October 9, 2006
Astronomer Constance Rockosi wins prestigious Packard Fellowship
By Tim Stephens
The David and Lucile Packard Foundation has awarded a Packard Fellowship for Science and Engineering to Constance Rockosi, assistant professor of astronomy and astrophysics at UCSC.
The Packard Fellowship, worth a total of $625,000, is one of the nation's most prestigious honors for young faculty members.
Rockosi will receive $125,000 per year for the next five years to support her research on the structure of the Milky Way galaxy. The Packard Foundation awards these fellowships to young scientists and engineers who show exceptional promise and creativity.
Rockosi is interested in the old, distant stars in our galaxy and the clues they hold to the early history of the galaxy's formation. She is coleader of a team of astronomers exploring the structure of the Milky Way galaxy in a project called the Sloan Extension for Galactic Understanding and Exploration (SEGUE). The SEGUE survey--part of SDSS-II, an extension of the original Sloan Digital Sky Survey--is mapping the positions of tens of millions of stars and measuring their motions and chemical abundances.
"The Milky Way is a pretty typical spiral galaxy, so we can study our own galaxy to learn about galaxies in general and how they formed," Rockosi said.
She plans to use the Packard Fellowship to support a new project that will build on the data obtained from SEGUE. Using adaptive optics technology on the Shane 3-meter telescope at UC's Lick Observatory, she will observe selected stars from the SEGUE survey and combine the data from Lick and SEGUE to obtain a complete, 3-dimensional picture of how the stars are moving through the galaxy. This information will enable Rockosi to use the velocities of individual stars and substructures within the galaxy to map its overall size and shape and shed light on its history.
Streams of stars in the Milky Way have been identified as remnants of small companion galaxies that collided and merged with the larger galaxy. Many such mergers are thought to have taken place over the lifetime of the galaxy and are still taking place today. The Sagittarius dwarf galaxy, for example, is in the process of merging with the Milky Way, and spectacular streams of stars stripped away from Sagittarius by its gravitational interaction with the Milky Way have been traced over much of the sky by previous surveys.
Evidence of much older mergers should still be detectable in the form of coherent streams of old stars moving through the galaxy, even if obvious structures can no longer be seen, Rockosi said.
"We are looking for groups of stars all moving with the same motion relative to the rest of the galaxy. Those coherent streams of stars are signatures of the galaxy's formation from smaller building blocks," she said. "I'll use the Lick observations to measure the velocities of streams found by SEGUE and other surveys."
The SDSS instruments can determine a star's velocity along the line of sight of the telescope. To obtain a complete picture of the star's motion in three dimensions, however, astronomers must also measure its motion in the plane of the sky. This requires the sharpest possible images of the star to determine its exact position in the sky and how that changes over time. For distant stars, the change in position, even over a year or two, is so small that it can be obscured by blurring of the star's image in the telescope.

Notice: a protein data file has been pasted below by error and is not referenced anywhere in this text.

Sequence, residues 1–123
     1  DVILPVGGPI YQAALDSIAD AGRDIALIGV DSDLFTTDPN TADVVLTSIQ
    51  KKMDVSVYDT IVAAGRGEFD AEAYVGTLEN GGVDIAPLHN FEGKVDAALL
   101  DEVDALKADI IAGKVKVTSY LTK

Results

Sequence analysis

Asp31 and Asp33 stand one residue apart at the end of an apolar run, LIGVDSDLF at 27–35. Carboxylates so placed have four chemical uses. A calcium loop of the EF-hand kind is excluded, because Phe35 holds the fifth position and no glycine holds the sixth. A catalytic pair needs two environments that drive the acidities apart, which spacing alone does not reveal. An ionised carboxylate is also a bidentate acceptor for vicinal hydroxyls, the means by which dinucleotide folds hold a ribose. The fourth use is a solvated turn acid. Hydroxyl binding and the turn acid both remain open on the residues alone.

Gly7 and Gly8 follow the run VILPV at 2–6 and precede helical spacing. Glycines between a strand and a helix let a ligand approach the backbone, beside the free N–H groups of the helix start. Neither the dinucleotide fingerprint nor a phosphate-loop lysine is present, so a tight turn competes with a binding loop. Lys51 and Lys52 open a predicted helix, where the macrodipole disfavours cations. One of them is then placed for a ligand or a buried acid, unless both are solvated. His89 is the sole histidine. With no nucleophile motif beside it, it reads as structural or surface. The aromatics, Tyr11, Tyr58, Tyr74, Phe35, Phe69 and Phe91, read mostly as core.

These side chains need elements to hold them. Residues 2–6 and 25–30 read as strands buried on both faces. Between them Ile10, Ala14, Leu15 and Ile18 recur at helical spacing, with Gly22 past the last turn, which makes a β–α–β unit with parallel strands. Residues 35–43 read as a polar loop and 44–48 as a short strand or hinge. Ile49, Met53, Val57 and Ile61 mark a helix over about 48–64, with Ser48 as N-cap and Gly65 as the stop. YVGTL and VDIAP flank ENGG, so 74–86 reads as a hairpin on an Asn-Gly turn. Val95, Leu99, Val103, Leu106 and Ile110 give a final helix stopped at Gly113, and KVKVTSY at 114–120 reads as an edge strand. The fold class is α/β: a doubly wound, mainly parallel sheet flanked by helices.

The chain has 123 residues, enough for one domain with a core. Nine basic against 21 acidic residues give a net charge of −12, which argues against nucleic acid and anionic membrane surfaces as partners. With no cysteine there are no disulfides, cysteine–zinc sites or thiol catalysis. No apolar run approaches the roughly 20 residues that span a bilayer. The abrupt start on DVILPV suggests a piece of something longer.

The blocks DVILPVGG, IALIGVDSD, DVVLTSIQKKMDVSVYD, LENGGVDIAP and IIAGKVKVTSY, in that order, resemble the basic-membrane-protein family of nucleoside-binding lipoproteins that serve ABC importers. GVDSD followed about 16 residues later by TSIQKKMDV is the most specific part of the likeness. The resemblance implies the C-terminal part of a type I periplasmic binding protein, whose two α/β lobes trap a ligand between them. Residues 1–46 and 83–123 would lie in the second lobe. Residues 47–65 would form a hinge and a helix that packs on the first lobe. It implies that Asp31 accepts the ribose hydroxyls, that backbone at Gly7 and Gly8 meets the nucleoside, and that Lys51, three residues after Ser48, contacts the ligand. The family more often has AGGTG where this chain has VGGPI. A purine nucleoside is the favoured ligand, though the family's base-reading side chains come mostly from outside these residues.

That's where the adaptive optics technology pioneered at Lick Observatory comes in. Adaptive optics (AO) can correct for the blurring of telescope images caused by turbulence in the Earth's atmosphere. Using the AO system on Lick's Shane Telescope, images of stars are so sharp they appear 10 times smaller than uncorrected images, Rockosi said.
"Adaptive optics is a fantastic tool and will be very powerful for studying the distant galaxy. This project is an ideal match between the SEGUE survey and the great facilities we have here at Lick Observatory," she said.
Rockosi will use the SEGUE survey to carefully select the most useful targets for follow-up observations at Lick. She said it will take two or three years to obtain the data she needs to determine the three-dimensional velocities of a large number of stars. She can then use those findings to address fundamental questions about our galaxy and the mysterious dark matter that holds it together.
Most of the mass in the universe is dark matter that we cannot directly observe. Every galaxy is surrounded by a halo of dark matter that can only be detected by observing its gravitational effects. Rockosi's precise measurements of stellar velocities will provide a unique set of data that can be used to measure the total mass of our galaxy and the shape of its dark matter halo.
The Packard Fellowship program, established in 1988, provides support for science and engineering researchers early in their careers, allowing them to pursue their research with few funding restrictions and limited paperwork requirements. Every year, the Packard Foundation invites 50 universities to nominate two young faculty members for the fellowships.
The David and Lucile Packard Foundation, based in Los Altos, is a private family foundation created in 1964 by David Packard and Lucile Salter Packard. The Packard Foundation invests in innovative people and organizations to improve the lives of children, enable creative pursuit of science, advance reproductive health, and conserve and restore Earth's natural systems.